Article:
Fast-forward a lot of years and I have held on by my fingernails more times than I can count. My dog saved me once in high school by whimpering outside the bathroom door when I was holding an X-ACTO blade to my wrists inside the bathtub. Fully dressed, having spent an agonizing amount of time trying to decide on the proper attire to get all covered in blood. In retrospect, I’m not sure why that mattered so much to me — it’s not like anyone would have tried to get the blood out — but it did. Fortunately, it also mattered to me that my dog was upset. I guess that’s another story that will probably horrify my dad. Sorry, Dad.

Anyway, I personally don’t find the depression checklists all that useful, especially when depression and bereavement/estrangement get mixed up. Example questions from one of them: have you felt guilty, like a failure, or sad recently? Sure. But I’m estranged from my son, who is the person I love most in the world, so I think it would be pretty weird if I didn’t have feelings about that. Under the circumstances, I think those feelings are normal. I also believe that it’s much healthier for me to acknowledge them and do my best to accept them as what they are — just emotions, fluid and fleeting and insubstantial — then it would be for me to label them a symptom and treat them as wrong. I’m not wallowing, but I don’t try to talk myself out of feeling the way I feel.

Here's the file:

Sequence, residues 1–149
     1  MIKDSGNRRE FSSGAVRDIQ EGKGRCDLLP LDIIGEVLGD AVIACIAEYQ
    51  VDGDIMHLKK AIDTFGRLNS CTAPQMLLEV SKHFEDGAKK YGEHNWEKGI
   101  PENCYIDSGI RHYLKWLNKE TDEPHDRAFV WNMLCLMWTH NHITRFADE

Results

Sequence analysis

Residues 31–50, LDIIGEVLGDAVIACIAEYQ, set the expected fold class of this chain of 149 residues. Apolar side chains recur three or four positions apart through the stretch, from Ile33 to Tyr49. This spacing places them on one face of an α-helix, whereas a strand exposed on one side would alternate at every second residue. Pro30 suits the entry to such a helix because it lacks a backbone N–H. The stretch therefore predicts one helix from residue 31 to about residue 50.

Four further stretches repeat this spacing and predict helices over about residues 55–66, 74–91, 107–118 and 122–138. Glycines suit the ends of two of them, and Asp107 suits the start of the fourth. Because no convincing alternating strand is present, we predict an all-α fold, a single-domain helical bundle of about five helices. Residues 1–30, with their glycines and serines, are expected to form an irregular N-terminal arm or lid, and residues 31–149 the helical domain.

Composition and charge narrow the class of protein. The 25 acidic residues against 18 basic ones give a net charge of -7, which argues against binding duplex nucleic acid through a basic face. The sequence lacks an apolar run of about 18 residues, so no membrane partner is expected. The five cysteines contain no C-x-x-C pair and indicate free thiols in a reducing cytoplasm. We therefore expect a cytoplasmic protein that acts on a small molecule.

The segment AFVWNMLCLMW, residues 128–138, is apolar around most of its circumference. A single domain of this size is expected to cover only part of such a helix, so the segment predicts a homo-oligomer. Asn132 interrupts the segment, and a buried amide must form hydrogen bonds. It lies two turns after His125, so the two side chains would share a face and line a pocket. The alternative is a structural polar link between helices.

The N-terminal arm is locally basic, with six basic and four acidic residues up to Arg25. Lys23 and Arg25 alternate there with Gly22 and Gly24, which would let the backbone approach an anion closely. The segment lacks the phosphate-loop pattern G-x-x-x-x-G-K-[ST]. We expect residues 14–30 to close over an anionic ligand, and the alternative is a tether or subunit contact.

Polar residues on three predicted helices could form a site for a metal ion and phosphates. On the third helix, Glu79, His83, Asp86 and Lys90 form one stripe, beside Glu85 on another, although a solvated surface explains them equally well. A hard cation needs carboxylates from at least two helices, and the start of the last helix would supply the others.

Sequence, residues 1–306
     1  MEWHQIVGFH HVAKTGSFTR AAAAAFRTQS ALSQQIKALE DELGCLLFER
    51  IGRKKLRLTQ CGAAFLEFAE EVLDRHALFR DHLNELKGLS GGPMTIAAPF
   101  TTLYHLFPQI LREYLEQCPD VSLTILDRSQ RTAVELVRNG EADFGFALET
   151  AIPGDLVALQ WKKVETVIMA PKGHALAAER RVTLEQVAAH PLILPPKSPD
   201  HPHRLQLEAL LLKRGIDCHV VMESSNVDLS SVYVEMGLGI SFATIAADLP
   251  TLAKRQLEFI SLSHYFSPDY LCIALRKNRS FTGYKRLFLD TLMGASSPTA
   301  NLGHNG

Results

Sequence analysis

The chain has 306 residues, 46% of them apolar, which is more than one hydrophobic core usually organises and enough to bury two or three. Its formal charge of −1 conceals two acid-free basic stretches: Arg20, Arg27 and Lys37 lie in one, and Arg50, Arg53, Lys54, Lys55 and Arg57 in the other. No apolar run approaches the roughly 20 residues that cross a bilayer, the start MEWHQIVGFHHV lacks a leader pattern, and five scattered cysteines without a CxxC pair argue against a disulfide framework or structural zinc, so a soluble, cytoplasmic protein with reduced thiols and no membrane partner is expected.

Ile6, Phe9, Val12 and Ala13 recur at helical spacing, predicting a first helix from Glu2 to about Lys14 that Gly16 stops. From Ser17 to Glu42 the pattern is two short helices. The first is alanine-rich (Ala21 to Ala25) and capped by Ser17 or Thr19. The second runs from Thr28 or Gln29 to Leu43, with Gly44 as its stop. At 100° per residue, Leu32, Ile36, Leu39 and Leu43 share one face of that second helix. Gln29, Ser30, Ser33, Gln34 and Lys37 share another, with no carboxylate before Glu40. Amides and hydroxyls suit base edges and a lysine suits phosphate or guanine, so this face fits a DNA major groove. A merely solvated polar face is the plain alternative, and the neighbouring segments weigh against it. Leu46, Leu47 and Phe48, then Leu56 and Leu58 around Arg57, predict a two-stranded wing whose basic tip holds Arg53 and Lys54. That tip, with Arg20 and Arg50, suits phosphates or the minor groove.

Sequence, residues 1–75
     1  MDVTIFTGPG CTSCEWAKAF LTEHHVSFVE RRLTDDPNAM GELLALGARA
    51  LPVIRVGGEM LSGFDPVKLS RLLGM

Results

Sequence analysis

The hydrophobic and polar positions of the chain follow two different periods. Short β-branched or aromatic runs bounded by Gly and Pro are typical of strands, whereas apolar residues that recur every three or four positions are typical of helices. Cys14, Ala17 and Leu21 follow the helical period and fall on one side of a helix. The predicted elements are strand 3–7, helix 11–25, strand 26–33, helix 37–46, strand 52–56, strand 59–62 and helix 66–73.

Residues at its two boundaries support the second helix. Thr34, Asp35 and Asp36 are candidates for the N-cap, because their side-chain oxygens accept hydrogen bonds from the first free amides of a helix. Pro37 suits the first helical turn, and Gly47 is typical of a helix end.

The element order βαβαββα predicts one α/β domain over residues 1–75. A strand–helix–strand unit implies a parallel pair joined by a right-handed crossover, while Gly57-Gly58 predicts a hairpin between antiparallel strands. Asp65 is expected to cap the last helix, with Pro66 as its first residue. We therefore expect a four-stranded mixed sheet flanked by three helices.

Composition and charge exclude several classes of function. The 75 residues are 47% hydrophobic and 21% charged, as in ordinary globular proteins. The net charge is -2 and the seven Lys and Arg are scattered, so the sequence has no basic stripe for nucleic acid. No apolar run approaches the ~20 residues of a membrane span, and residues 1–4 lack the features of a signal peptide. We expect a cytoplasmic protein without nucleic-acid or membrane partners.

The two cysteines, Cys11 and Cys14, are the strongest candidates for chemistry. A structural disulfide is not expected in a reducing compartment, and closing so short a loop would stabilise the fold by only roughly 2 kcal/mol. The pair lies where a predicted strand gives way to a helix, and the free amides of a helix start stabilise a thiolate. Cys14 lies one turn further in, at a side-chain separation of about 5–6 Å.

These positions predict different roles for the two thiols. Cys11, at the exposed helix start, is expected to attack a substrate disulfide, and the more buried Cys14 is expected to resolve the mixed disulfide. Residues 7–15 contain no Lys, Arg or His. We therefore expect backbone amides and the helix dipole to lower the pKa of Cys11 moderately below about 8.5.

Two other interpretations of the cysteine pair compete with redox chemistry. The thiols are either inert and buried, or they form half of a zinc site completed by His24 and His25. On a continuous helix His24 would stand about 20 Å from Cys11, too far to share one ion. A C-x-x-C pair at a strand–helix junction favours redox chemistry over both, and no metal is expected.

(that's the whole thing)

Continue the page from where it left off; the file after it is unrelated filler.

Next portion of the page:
On the other hand, there are other symptoms that let me know I’m depressed, not just sad. I mentioned one in my last post: ignoring trash. I’ve written about that before, I think. Oh, ha, I went looking and yes, I have: depression checklist. Yep, not picking up trash, bad sign. Also a bad sign: not folding laundry when it is warm from the dryer. Folding warm laundry is the single nicest household chore there is. It feels good, it smells good (assuming you like your detergent, and I do), and it’s satisfying upon completion. Also it’s easy. Folding laundry a day later, when it’s cold and wrinkled, is just not the same. And not folding the laundry at all, just getting dressed out of the clothes basket while the dirty clothes pile up in a corner, is a terrible sign. It means I’m struggling with motivation on a basic self-care level. In the same category: making my bed and flossing my teeth. If I skip either of those things, especially if I do so without noticing, it’s a sign that the depression clouds are surrounding me.

So the first step, I said, was noticing that I’m depressed. Done. The second step is hard for a lot of people and has been close to impossible for me at points in my past: it’s deciding to do something about it. It’s really easy when you’re depressed — especially when depression is so deep-down familiar that you know it in your bones — to feel as if the way you feel in the moment is endless and never-changing. That you will feel the same way forever, that there’s nothing to be done about it. Depression feels hopeless. Random related side note: people with bi-polar disorder kill themselves at about double the rate of people with major depressive disorder, because they do it on the upswing, when they see the depression approaching. Depressed people are often so stuck that they can’t even muster the motivation to end their depression the ugly way.

So, step #2 is deciding to do something about my current state of depression. Done. But this blog post is getting long, so I think it’s gonna have to come in parts. Tomorrow: the fundamentals of depression recovery.

Meanwhile, have a picture of a cute dog. Who could be depressed for long with her around?

a cute dog